East Africa



Overview of Initiative


The East Africa research region targets study areas within Tanzania, Uganda, and Kenya. East Africa is susceptible to climate change implications that include: the warming of sea surface temperatures and subsequent droughts; changes in precipitation frequency and amount; more extreme events; and increased food insecurity. Focusing attention on region specific adaptation and mitigation methods is vital for projecting future climate impacts.

The overall goal of Phase 2 (2015-2017) was to assist East African countries in managing climate change and variability related vulnerabilities through the integration of science based knowledge. This knowledge will be used to assist in national and local climate change adaptation strategies and action plans. East Africa built on Phase 1 research by developing full Regional Integrated Assessments (RIAs) based on sound scientific knowledge, integrating new knowledge into national and sub-national adaptation plans, and building capacity and robustness of analytical frameworks and tools. These assessments were co-developed through scientific sources and stakeholder engagement for the purpose of finding and presenting relevant findings to decision makers. This integration helped promote the usefulness of AgMIP’s tools and protocols for other applications, including food security, seasonal forecasting, and early warning systems.

Team members from Kenya, Tanzania, Uganda and Ethiopia comprise the East Africa Team. The project assessed impacts of climate variability and change on smallholder agricultural systems using calibrated climate, crop, livestock, and economic models. These impacts are assessed through comprehensive RIAs of climate change impacts on both the local and national scale with socio-economic scenario analysis. The East Africa team further advanced regional assessments for Uganda and Ethiopia (from Phase 1), while also upscaled its approach to a national level for Kenya and Tanzania.
Collaboration with stakeholders was made possible through the existing CCASA East-Africa network. Key stakeholders were engaged regularly throughout the project. Through CCASA East-Africa network engagement, the project expanded, and will continue to expand, stakeholder uptake and utilization of project outputs.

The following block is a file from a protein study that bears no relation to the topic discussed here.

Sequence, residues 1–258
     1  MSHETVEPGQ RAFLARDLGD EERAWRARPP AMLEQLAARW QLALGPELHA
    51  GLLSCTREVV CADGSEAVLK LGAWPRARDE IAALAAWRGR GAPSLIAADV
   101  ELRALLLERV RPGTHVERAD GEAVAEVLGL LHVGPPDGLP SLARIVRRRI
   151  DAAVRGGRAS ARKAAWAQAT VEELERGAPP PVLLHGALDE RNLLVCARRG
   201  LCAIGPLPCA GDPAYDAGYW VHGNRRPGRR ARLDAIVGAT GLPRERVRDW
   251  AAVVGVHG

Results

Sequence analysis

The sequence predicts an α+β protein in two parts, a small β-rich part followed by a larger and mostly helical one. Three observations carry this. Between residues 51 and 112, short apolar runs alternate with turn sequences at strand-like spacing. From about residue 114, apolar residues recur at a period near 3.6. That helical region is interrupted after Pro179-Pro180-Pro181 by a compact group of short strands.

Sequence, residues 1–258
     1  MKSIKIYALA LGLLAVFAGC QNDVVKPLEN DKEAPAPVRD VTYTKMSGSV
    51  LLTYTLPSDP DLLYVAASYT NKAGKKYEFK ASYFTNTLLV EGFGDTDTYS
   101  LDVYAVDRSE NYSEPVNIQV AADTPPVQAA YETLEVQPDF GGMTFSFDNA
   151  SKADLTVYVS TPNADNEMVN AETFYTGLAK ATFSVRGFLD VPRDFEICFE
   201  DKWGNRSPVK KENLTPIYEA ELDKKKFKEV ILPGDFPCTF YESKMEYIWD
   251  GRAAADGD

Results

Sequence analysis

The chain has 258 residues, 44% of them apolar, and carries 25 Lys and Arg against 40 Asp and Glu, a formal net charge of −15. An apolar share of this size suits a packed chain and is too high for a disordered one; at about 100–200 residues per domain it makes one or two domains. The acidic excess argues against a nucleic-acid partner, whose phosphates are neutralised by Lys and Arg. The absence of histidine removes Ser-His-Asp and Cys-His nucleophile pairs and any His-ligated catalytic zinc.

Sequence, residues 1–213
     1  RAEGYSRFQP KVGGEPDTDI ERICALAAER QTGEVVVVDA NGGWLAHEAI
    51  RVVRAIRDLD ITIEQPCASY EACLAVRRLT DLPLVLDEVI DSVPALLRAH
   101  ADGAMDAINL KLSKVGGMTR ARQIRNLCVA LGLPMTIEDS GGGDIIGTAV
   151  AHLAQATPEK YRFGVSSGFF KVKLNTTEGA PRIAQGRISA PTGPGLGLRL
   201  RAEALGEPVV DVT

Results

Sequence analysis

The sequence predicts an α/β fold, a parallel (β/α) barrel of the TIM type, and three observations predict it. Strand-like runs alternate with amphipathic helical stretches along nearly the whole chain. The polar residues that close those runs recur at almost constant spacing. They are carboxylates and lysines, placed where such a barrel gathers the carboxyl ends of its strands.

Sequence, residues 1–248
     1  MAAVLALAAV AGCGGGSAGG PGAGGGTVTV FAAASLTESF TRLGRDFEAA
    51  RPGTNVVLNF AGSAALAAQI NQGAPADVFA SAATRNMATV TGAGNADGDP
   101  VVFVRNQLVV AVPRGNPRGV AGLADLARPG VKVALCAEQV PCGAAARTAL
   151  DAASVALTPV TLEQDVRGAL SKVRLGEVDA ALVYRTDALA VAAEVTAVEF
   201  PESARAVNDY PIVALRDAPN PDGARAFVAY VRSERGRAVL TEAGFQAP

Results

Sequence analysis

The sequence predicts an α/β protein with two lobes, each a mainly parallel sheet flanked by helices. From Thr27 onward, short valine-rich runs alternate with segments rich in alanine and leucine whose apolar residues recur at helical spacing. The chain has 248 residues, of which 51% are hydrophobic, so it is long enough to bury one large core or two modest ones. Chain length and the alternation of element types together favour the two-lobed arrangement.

Impacts Explorer – Kenya

Small maize farms in varied agro-ecological zones

View the Regional Summary for Kenya here.  

View the Spatial Dashboard for Kenya here.  

East Africa Team members

Lieven Claessens: Lead PI

Siza Tumbo: Co-PI

Gummadi Sridhar: Co-PI

Anthony Esilaba: Kenya coordinator

Moses Tenywa: Uganda coordinator

Caleb Dickson: Economic modeling; ARP

Fikadu Getachew: Crop modeling

Jemal Seid: Climate modeling

Adam Bekele: Economic modeling

Mary Kilavi: Climate modeling

Joseph Miriti: Crop modeling

Anthony Oyoo: Economic modeling; stakeholder interaction

Khamaldin: Mutabazi Economic modeling; TOA-MD

Ibrahim Kadigi: Economic modeling; TOA-MD

Barnabas M. Msongaleli: Crop modeling

Peter Mlonganile: Climate

David D. Maleko: Livestock

Majaliwa Mwanjalolo: Crop modeling

Patrick Musinguzi: Crop modeling

Josephine Nampiija: Crop Modeling

Carol Nandozi: Climate

Jackline Bonabana-Wabbi: Economics modeling; TOA

Kelvin Shikuku: RIA, TOA, economics

Caroline Mwongera: RIA, TOA, bio-physical

John Recha: Stakeholder liaison

Maren Radeny: Stakeholder liaison


Research Summary:



Crops: Maize
Models: DSSAT, APSIM, LivSim
Farm System: Maize based
Economic Strata: High potential-low potential, AEZ
Possible Adaptation: Improved maize and bean varieties; alternative crops (e.g. sorghum, legumes, etc)


Crops: Maize, cowpea/beans, sorghum, pigeon pea
Models: DSSAT, APSIM, LivSim
Farm System: Mixed crop-livestock system using crop residue as livestock feed
Economic Strata: Farms with livestock integration, Farms without livestock integration
Possible Adaptation: Climate smart agriculture practices including: high grain and residue yielding sorghum for improved feeding, tightening of Nitrogen cycle, dryland crop and cultivar choices


Crops: Maize
Models: DSSAT and APSIM
Farm System: Maize, beans, banana
Economic Strata: To Be Determined
Possible Adaptation: CSA adaptation package


Crops: Maize
Models: DSSAT, APSIM, LivSim
Farm System: Maize, bean, horticulture, livestock
Economic Strata: Livestock
Possible Adaptation: CSA adaptation packages


Crops: Maize
Models: DSSAT, APSIM, LivSim
Farm System: Maize, rice, sesame, sorghum, millets, legumes
Economic Strata: 2 livelihood zones
Possible Adaptation: Fertilization and plant population changes


Crops: Maize
Models: DSSAT and APSIM
Farm System: Maize-beans-groundnuts-cassava-banana
Economic Strata: 3 soil types
Possible Adaptation: Agronomic practices; short and long maturing varieties; stakeholder workshop planned to elicit near-term adaptation options


 The International Crops Research Institute for Semi-Arid Tropics (ICRISAT) – Kenya 
The Ethiopian Institute of Agricultural  Research 
The Kenya Meteorological Society 
Kenya Agriculture and Livestock Research Organization 
Sokoine University of Agriculture, Tanzania 
Makerere University, Uganda 
International Center for Tropical Agriculture  (CIAT) 
Climate Change, Agriculture, and Food Security (CCAFS) Research Program – Kenya